- Assess and treat as appropriate soon-to-be released patients with suspected COVID-19 and make direct linkages to community resources to ensure proper isolation and access to medical care. Notify LHD of patients to be released who have suspect or confirmed cases and are still isolated.
- IMPORTANT: Suspect cases, patients from facilities with large outbreaks, and COVID-19 case patients should not be released without the coordination of CDCR discharge planning and LHD guidance. See the Inmates Releasing from Institutions During COVID-19 section.
- Once COVID-19 has been ruled out clinically and by testing, airborne precautions can be stopped. Follow the CCHCS Influenza Guidance document for general ILI and influenza management (CDCR networking is required for access).
Promptly separate patients who are sick with fever or lower respiratory symptoms from well-patients. Patients with these symptoms should be isolated until they are no longer infectious and have been cleared by the health care provider. provider (see Release from Isolation). Also, promptly isolate asymptomatic but test-confirmed cases.
- NOTE: For Patients with COVID-19 symptoms that refuse testing: People who refuse testing after showing symptoms should be treated as if they tested positive. They should be placed in medical isolation in celled housing. They should NOT be placed in cohorts (double-celled or in dorm housing) with other people who are symptomatic, pending a test result, or confirmed positive following testing.
Medical isolation conditions should be as similar to regular housing as possible.
- The preference is for isolation in a negative pressure room; second choice would be isolation in private room with a solid, closed door.
- As a last resort, when a negative pressure room or a private single room is not available, groups of symptomatic patients can be cohorted in a separate area or facility away from well-patients. Possible areas to cohort patients could be an unused gym or section of a gym or chapel. When it is necessary to cohort patients in a section of a room or area with the general population of well-patients (e.g., dorm section) there should be at least 6 feet (3.6 feet minimum for severe space shortages) between symptomatic patients and the well patient population. However, symptomatic patients with ILI and no diagnosis should maintain social distancing between each isolated individual if at all possible. Tape can be placed on the floor to mark the isolation section with a second line of tape 6 feet away to mark the well-patient section which can provide a visual sign and alert well-employees and patients to remain outside of the isolation section unless they are wearing appropriate PPE.
In order of preference, individuals under medical isolation should be housed:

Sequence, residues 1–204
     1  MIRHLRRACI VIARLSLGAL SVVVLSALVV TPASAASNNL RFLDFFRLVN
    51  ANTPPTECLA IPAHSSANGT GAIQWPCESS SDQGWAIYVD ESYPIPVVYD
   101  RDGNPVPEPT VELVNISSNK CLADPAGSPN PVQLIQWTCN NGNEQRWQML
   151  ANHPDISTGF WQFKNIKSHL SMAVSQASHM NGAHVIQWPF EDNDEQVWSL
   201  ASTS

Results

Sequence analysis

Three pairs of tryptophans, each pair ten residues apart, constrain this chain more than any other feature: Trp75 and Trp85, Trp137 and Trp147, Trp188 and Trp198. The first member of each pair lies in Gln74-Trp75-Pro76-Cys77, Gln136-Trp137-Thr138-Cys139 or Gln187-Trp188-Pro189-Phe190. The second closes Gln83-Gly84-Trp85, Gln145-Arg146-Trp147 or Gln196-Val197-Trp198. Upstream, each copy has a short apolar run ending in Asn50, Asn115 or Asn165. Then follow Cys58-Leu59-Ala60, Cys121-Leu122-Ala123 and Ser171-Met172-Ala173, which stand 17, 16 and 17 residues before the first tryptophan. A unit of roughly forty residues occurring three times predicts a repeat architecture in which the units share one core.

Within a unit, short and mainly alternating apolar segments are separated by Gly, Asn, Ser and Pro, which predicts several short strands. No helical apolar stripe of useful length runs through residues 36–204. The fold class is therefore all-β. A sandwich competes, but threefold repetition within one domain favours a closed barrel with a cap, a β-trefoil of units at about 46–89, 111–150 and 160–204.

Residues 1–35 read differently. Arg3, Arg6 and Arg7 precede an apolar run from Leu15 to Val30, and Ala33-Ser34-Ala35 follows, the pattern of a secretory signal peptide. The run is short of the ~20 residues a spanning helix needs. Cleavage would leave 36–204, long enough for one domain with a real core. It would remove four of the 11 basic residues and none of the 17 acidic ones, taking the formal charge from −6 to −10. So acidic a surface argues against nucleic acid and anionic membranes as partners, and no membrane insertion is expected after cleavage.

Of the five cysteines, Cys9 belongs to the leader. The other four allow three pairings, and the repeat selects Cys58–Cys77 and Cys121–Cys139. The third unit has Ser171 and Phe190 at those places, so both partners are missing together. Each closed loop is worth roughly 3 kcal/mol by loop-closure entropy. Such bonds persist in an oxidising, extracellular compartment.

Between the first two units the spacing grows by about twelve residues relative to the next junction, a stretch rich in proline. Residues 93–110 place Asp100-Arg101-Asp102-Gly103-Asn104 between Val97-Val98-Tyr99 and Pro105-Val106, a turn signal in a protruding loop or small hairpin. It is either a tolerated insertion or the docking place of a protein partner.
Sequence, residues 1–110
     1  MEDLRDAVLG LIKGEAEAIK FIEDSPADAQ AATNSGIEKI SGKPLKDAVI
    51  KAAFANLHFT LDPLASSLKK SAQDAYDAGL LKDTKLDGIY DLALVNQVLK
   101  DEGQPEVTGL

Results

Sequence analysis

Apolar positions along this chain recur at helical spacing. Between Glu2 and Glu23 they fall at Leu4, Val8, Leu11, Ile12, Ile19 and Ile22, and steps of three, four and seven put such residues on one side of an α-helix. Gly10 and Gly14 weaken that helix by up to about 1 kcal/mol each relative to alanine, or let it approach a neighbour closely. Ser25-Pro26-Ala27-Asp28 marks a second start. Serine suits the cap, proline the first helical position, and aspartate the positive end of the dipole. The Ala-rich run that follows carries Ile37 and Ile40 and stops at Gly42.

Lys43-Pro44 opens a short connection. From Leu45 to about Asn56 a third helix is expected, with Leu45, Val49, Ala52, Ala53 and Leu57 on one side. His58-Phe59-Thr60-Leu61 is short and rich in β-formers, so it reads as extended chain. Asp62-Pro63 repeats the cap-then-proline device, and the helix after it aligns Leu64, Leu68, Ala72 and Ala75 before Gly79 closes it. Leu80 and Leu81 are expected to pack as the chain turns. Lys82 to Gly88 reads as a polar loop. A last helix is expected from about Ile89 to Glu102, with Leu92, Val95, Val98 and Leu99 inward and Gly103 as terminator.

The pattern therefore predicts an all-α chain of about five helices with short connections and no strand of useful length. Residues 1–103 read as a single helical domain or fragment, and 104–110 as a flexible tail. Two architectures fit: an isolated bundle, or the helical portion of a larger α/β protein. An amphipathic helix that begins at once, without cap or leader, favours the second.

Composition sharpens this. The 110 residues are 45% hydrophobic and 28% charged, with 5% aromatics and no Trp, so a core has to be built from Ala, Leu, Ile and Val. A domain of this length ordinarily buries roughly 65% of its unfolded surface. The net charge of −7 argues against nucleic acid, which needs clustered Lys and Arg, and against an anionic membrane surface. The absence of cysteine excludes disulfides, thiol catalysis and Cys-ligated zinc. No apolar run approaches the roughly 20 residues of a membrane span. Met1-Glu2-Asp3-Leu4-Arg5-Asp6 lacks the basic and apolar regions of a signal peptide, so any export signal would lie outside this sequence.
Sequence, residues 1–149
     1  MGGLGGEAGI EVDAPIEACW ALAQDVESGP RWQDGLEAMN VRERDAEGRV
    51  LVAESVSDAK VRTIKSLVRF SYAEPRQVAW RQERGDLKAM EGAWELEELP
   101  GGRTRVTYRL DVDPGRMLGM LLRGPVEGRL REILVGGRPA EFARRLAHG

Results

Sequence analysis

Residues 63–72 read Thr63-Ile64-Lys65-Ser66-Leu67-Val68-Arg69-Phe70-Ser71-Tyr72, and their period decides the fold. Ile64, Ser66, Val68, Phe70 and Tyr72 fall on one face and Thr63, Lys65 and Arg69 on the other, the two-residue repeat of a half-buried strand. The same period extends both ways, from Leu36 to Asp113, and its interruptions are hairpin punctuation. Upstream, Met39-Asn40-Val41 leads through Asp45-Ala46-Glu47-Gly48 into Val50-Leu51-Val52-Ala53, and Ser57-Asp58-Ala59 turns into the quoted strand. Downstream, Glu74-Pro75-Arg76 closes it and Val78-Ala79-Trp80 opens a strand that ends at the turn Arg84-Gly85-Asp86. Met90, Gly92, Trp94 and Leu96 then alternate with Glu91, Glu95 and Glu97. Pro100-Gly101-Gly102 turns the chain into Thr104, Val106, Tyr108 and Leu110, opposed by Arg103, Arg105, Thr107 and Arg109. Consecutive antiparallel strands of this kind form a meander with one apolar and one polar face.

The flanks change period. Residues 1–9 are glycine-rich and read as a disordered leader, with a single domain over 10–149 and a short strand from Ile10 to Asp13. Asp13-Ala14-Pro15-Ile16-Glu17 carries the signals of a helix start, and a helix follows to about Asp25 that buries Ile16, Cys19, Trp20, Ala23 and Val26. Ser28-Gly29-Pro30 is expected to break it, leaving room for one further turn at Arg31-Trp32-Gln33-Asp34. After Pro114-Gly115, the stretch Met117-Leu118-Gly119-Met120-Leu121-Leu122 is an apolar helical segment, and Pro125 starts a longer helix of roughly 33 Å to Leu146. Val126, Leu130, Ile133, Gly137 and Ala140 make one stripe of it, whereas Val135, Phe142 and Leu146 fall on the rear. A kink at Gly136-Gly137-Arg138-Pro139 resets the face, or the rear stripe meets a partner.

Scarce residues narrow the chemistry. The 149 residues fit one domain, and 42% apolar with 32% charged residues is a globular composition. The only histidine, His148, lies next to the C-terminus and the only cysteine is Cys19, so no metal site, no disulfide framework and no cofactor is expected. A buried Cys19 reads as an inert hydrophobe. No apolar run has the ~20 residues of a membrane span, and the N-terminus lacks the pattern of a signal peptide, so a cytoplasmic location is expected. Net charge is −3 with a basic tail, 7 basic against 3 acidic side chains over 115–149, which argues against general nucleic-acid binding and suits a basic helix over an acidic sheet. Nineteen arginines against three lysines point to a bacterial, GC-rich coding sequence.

- Separately, in single cells with solid walls (i.e., not bars) and solid doors that close fully
- Separately, in single cells with solid walls but without solid doors
- As a cohort, in a large, well-ventilated cell with solid walls and a solid door that closes fully. Employ social distancing strategies.
- As a cohort, in a large, well-ventilated cell with solid walls but without a solid door. Employ social distancing strategies.
- As a cohort, in single cells without solid walls or solid doors (i.e., cells enclosed entirely with bars), preferably with an empty cell between occupied cells. (Although individuals are in single cells in this scenario, the airflow between cells essentially makes it a cohort arrangement in the context of COVID-19.)
- As a cohort, in multi-person cells without solid walls or solid doors (i.e., cells enclosed entirely with bars), preferably with an empty cell between occupied cells. Employ social distancing strategies. Use tape to mark off safe distances between patients.
- Safely transfer individual(s) to another facility with available medical isolation capacity in one of the above arrangements.
NOTE – Transfer should be avoided due to the potential to introduce infection to another facility; proceed only if no other options are available.
- If the ideal choice does not exist in a facility, use the next best alternative.
Provide individuals under medical isolation with tissues and, if permissible, a lined no-touch trash receptacle. Instruct them to:
- Cover their mouth and nose with a tissue when they cough or sneeze.
- Dispose of used tissues immediately in the lined trash receptacle.
- Wash hands immediately with soap and water for at least 20 seconds. If soap and water are not available, clean hands with an alcohol-based hand sanitizer that contains at least 60% alcohol (where security concerns permit). Ensure that hand washing supplies are continually restocked.
- Patients with ILI of unknown etiology should be isolated alone. If they cannot be isolated alone, they should be isolated with other sick patients from the same housing unit or other sick ILI patients of unknown etiology. When cohorting ILI patients, if at all possible, separate patients 6 feet from each other, with 3.6 feet minimum if space is limited.
- Patients with confirmed COVID-19 or influenza can safely be isolated in a cohort with other patients who have the same confirmed diagnosis.